University of Texas Medical Science Center at Houston, USA
Ningyan Zhang was a protein biochemist and started my career in the pharmaceutical and biotechnology industry working on antibody engineering and drug discovery. After a 15-year research career in the biotechnology industry, I was recruited as a Texas ETF (Emerging Technology Fund) Scholar to join the faculty of the University of Texas Health Science Center at Houston (UTHealth) in 2010. My current research programs focus on cancer biology and translational research to bridge novel target discovery to drug discovery. I received my Ph.D. degree postdoctoral training from the University of Kentucky and the University of Wisconsin, respectively.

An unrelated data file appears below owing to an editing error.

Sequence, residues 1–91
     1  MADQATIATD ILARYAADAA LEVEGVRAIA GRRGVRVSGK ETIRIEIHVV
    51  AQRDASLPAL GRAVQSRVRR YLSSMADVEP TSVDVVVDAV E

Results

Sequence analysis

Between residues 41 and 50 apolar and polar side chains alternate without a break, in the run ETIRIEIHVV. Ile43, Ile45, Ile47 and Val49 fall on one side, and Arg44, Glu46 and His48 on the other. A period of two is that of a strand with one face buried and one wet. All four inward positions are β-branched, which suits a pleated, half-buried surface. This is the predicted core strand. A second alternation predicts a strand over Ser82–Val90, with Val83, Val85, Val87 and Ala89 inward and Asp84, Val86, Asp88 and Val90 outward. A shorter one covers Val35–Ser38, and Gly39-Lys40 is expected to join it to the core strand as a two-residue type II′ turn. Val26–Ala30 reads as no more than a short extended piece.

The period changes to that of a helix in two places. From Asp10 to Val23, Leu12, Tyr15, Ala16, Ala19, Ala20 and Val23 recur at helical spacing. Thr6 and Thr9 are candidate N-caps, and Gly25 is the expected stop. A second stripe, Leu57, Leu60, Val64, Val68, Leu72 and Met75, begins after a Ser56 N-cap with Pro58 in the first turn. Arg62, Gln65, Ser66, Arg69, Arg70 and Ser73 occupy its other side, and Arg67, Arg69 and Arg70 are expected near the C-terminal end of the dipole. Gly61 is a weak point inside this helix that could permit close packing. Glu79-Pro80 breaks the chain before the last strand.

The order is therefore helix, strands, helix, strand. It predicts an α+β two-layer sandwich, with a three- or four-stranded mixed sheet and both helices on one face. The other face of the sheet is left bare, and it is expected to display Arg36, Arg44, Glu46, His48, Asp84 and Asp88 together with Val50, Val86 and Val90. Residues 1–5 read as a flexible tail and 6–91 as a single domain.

EGFL6, a member of the EGF like superfamily, is significantly upregulated in tumor- versus wound or normal endothelial cells. Our recent study and reported by others showed that EGFL6 plays important role in regulation of stem cell division and promoting angiogenesis. Using a series of in vitro and in vivo studies using orthotopic and genetically engineered mouse models, we demonstrated the mechanisms by which EGFL6 stimulates tumor growth and angiogenesis in both ovarian and breast cancer types. Significantly, EGFL6 blockage in vivo did not affect normal wound healing as shown by the existing anti-angiogenesis cancer therapy such as avastin. We have identified a panel of EGFL6 neutralizing monoclonal antibodies and investigated anti-EGFL6 antibody function in tumor inhibition. Results showed that blocking EGFL6 expression inhibited cell migration and invasion in cell culture studies. Targeting EGFL6 using our anti-EGFL6 antibodies also reduced the tumor growth in vivo. The results suggest that EGFL6 is a potential therapeutic target for breast cancer treatment and the anti-EGFL6 antibody presents a novel therapeutic strategy for blocking development of breast cancer metastasis.